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Even the hottest sectors could use a break every now and then
By Josh Enomoto, InvestorPlace Contributor Jan 13, 2021, 9:10 am EST
Despite what appeared to be a catastrophic harbinger in the form of the novel coronavirus, certain market segments performed outstandingly in 2020. One of the biggest of course was electric vehicles. With their mechanically less-convoluted design, EVs represented an ideal platform for many people during the Covid-19 lockdowns. And while the sector is off to an auspicious start this year, many individual companies are candidates for overvalued stocks.
This is not to suggest that you should actively short frothy EV firms. Given the FOMO (fear of missing out) mindset that Wall Street has adopted, it’s very conceivable that even for those in bubble territory, overvalued stocks can continue to defy gravity. Rather, this list should be taken as a look into the other side of the argument. For conservative-minded investors, they may be better served by waiting for a discount.
One of the reasons I say this is the primary driver for EV sales. According to CNN Business, “the biggest reason people said they would buy an electric car is concern for the environment — about 80% of people who said they would buy an EV cited this as a reason. Next, 67% of people cited lower operating costs. Electricity costs much less per mile than gasoline or diesel fuel, and electric cars costs less to maintain since they have far fewer moving parts and don’t require oil changes.”
If CNN’s findings are accurate, this is a huge risk factor for EVs, which is why many of them are legitimately overvalued stocks – irrespective of their financial metrics. This suggests that as prospective buyers discover the holistic impact of EVs – particularly that some EV batteries incorporate cobalt, which may be regarded as a “blood” asset – sales could suffer.
I don’t want to overstate the problem. However, it’s possible that EVs could become the 21st century version of fur shaming. In addition, the fewer parts that facilitate greater reliability also means fewer jobs for Americans, as NBC News pointed out. That takes away from the “ESG” cred of EVs, adding another dynamic to the discussion regarding these overvalued stocks.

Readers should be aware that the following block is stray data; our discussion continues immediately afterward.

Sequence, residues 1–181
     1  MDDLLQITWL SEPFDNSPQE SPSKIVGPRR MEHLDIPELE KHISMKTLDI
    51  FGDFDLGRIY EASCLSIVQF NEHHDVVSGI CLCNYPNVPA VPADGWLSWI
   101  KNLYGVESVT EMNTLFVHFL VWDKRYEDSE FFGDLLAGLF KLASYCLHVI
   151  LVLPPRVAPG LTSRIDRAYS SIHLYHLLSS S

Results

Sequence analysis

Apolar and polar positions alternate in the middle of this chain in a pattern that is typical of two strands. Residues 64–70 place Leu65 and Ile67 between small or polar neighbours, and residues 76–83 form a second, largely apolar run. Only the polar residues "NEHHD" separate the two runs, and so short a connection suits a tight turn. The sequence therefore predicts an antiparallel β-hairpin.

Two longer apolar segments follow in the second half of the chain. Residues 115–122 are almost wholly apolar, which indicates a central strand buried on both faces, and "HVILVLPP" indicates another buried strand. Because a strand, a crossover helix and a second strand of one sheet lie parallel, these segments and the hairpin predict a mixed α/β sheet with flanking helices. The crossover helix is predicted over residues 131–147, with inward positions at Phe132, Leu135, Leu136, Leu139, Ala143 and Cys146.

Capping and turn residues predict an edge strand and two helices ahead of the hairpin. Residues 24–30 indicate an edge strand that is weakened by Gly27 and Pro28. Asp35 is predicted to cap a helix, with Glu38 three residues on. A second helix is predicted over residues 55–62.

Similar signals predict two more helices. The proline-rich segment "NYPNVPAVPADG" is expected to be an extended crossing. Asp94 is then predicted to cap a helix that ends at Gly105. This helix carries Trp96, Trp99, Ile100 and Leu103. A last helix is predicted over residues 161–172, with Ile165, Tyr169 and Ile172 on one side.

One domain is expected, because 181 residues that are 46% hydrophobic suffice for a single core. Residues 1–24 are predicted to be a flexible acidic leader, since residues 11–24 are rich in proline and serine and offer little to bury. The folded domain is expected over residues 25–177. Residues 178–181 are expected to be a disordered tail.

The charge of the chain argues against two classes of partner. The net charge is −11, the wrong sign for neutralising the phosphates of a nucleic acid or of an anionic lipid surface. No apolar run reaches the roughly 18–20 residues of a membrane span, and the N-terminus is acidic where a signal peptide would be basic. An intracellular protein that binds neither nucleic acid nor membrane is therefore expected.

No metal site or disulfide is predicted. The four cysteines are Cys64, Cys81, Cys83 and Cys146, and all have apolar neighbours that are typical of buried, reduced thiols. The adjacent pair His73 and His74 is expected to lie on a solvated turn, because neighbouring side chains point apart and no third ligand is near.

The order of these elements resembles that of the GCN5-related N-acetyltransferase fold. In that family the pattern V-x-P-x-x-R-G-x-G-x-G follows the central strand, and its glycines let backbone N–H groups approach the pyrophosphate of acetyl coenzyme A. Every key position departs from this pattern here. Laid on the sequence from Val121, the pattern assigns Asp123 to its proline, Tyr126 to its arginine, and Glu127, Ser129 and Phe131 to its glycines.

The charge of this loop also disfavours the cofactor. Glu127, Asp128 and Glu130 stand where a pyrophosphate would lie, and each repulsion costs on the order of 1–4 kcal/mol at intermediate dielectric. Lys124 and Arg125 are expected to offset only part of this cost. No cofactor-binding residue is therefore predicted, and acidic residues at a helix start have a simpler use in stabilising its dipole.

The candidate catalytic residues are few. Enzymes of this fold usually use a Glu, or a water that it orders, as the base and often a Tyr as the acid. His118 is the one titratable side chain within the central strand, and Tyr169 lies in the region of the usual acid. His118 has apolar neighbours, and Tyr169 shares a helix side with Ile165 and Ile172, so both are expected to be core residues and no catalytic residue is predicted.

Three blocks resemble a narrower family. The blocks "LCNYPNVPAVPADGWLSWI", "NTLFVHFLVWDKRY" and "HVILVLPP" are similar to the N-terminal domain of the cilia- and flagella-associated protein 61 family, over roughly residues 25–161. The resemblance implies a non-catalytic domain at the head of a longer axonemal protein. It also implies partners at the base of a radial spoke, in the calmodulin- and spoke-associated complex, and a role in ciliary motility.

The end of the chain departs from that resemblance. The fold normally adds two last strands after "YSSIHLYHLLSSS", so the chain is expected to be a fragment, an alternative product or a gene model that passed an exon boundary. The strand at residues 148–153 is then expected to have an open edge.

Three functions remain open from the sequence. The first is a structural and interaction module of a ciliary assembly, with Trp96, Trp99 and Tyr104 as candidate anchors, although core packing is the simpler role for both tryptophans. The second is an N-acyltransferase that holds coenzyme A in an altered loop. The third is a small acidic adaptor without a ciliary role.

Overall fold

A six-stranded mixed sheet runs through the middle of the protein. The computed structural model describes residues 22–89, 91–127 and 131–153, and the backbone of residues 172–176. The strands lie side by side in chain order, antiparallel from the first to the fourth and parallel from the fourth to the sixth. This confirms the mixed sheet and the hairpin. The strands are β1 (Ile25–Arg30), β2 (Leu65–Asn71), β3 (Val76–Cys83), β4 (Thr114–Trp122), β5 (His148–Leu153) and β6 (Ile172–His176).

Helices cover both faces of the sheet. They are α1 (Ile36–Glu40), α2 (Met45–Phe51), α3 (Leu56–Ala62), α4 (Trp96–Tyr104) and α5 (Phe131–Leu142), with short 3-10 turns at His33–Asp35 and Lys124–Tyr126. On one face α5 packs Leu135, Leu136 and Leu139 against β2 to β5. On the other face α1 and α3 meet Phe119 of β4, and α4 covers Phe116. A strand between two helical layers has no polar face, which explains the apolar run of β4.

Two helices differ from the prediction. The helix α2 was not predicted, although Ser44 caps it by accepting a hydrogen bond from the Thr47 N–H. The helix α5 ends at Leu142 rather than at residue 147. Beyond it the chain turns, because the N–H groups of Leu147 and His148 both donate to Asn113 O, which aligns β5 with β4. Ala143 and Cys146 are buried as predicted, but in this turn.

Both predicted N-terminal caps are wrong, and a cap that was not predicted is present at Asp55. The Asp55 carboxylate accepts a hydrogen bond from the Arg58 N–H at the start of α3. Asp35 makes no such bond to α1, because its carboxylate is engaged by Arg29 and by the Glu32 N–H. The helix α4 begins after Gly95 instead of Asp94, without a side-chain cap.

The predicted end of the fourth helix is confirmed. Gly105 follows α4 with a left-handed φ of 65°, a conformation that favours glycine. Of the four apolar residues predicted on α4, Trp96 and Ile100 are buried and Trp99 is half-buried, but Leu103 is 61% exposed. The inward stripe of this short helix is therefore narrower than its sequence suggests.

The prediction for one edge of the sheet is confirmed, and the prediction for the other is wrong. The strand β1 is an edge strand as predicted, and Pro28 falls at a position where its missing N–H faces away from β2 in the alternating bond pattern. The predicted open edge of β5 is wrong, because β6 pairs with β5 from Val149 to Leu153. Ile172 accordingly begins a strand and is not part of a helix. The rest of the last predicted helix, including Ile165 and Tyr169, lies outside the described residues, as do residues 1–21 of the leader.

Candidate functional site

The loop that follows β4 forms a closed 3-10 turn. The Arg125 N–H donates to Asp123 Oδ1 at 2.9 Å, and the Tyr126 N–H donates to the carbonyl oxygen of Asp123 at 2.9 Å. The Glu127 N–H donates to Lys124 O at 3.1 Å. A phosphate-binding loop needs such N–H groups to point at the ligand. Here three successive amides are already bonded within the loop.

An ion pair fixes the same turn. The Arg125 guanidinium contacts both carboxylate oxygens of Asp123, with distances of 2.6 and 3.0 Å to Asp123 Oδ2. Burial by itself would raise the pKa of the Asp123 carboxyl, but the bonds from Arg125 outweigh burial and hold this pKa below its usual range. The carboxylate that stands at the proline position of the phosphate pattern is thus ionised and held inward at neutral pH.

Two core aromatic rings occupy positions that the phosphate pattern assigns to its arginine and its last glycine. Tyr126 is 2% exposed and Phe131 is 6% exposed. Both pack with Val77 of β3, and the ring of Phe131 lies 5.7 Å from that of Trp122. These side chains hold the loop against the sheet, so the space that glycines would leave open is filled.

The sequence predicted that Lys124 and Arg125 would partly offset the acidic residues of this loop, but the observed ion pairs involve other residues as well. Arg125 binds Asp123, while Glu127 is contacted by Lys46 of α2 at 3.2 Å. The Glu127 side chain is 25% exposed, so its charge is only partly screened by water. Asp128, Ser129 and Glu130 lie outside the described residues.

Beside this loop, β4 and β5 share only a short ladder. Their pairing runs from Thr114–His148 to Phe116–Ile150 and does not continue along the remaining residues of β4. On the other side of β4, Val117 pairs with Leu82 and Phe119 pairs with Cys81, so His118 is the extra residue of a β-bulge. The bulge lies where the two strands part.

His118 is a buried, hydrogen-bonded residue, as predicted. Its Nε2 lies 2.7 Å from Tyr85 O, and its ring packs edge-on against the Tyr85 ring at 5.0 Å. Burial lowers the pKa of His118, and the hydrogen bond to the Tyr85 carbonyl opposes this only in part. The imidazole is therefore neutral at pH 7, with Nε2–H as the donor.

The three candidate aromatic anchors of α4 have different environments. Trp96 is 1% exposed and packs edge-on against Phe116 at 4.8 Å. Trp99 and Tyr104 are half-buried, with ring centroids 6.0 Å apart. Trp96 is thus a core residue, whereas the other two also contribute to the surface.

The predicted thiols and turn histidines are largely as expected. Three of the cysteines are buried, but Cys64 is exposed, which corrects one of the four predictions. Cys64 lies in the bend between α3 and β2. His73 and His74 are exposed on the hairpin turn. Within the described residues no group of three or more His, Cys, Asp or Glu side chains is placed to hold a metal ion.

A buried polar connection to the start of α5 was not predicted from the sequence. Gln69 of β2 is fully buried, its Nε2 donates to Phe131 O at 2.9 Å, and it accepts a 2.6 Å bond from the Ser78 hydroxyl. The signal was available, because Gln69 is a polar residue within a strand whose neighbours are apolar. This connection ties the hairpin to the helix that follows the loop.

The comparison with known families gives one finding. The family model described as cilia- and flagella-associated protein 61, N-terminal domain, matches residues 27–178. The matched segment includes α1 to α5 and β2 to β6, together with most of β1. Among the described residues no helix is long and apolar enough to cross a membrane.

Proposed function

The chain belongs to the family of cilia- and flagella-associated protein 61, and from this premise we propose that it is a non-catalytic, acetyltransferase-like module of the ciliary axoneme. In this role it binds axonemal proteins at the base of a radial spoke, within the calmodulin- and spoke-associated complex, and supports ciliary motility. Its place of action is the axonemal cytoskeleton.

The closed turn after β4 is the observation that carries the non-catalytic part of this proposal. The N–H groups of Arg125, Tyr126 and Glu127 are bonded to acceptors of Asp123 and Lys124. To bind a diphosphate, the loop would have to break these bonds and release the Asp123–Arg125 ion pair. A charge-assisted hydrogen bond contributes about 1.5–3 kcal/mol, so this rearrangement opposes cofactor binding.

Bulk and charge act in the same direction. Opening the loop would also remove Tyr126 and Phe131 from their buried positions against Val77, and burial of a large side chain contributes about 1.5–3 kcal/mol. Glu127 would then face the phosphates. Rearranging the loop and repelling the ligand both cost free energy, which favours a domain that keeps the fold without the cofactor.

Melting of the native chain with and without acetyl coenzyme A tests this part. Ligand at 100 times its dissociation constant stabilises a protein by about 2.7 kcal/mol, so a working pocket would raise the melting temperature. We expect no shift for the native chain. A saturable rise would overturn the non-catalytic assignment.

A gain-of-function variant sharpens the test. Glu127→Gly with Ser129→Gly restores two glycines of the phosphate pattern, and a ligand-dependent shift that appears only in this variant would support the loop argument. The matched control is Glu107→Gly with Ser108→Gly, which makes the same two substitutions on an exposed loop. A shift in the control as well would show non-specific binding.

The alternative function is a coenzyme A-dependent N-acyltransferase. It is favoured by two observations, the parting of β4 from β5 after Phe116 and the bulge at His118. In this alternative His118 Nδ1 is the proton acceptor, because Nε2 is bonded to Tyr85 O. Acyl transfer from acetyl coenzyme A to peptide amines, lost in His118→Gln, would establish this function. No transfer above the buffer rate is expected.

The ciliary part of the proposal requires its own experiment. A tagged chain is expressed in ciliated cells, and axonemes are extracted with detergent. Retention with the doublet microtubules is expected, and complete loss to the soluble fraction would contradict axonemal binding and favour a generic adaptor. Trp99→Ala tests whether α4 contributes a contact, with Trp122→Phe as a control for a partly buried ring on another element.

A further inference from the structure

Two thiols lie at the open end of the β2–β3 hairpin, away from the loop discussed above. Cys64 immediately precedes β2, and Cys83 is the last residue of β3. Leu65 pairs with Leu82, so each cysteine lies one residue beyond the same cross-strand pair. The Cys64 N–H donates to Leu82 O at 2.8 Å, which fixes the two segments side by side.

- Tesla (NASDAQ:TSLA)
- Nio (NYSE:NIO)
- Electrameccanica Vehicles (NASDAQ:SOLO)
- Kandi Technologies (NASDAQ:KNDI)
- Li Auto (NASDAQ:LI)
- Kaixin Auto (NASDAQ:KXIN)
- Blink Charging (NASDAQ:BLNK)
Now, to spare you the time in writing an angry email – again, I’m not saying short, I’m saying wait – let me disclose my personal biases. First, I’m an ICE (internal combustion engine) man, and (probably) will always be. Second, I see value in spreading energy consumption across the available spectrum of energy sources. Third, I’m not the biggest fan of California Governor Gavin Newsom, in part because of his EV extremism.
With that out of the way, let’s have a look at these overvalued stocks.
Source: Grisha Bruev / Shutterstock.com
Tesla is a perfect example of how a publicly traded company could be considered one of the overvalued stocks, yet it shouldn’t be shorted due to the risks of market irrationality. What happened on Jan. 7 provides a cautionary tale for bears who think that they have an easy shorting opportunity.
On this day, TSLA stock jumped higher by nearly 8%. Though I didn’t find anything fundamentally specific to justify the boost, on CNBC, billionaire investor Chamath Palihapitiya stated that Tesla shares could be worth three times its current valuation. That would make Tesla CEO Elon Musk the world’s first trillionaire.
“Delivering clean energy, allowing the world to be sustainable, is an incredibly important thing that will be rewarded by markets and individuals,” stated Palihapitiya. In other words, TSLA stock is an aspirational investment, as many of my InvestorPlacecolleagues believe.
However, aspirations have to be backed up with sound justification, at some point. First, the fully sustainable world argument is disputed, according to the Institute for Energy Research. Second, Tesla’s own misfires, including the non-battery battery day, should warn you about the risks of overdependence on aspirations.
As I said, I’m not recommending shorting Tesla. But I do think it’s one of the overvalued stocks within the EV segment.
Source: Andy Feng / Shutterstock.com
Nio has been synonymous with global demand for EVs, so it’s not at all surprising that NIO stock accelerated the way it did last year. Obviously, the company has the benefit of operating in the world’s biggest automotive market. As well, we should keep in mind that the Chinese government has a vested interest in supporting its burgeoning EV industry.
On one hand, this is a net positive for NIO stock. First, China disincentivizes gasoline-powered cars and instead incentivizes EV sales by imposing a lottery system for the former and subsidies for the latter. Second, China has never gotten the hang of the combustion engine, which is a very technical process. But with the relatively simpler process of EV production, China is now a sector leader thanks in part to its prodigious manufacturing prowess.
But protectionism usually leads to poor quality. That’s exactly what Reuters reported on when it observed that Nio EVs didn’t perform up to spec. This situation implies that EV hype is baked into Nio shares and much of that isn’t fundamentally justified.
That’s not to say that NIO is a shorting candidate. But it does appear to be one of the overvalued stocks, suggesting a better price point ahead.
Electrameccanica Vehicles (SOLO)
Source: Luis War / Shutterstock.com
Among overvalued stocks in the EV space, Electrameccanica Vehicles may be the one that sparks the most dichotomous opinions: either you love its flagship Solo vehicle, or you hate it. There might not be much in between. That’s understandable given that three-wheeled vehicles have never really taken off in the U.S. – or ultra-compact cars for that matter.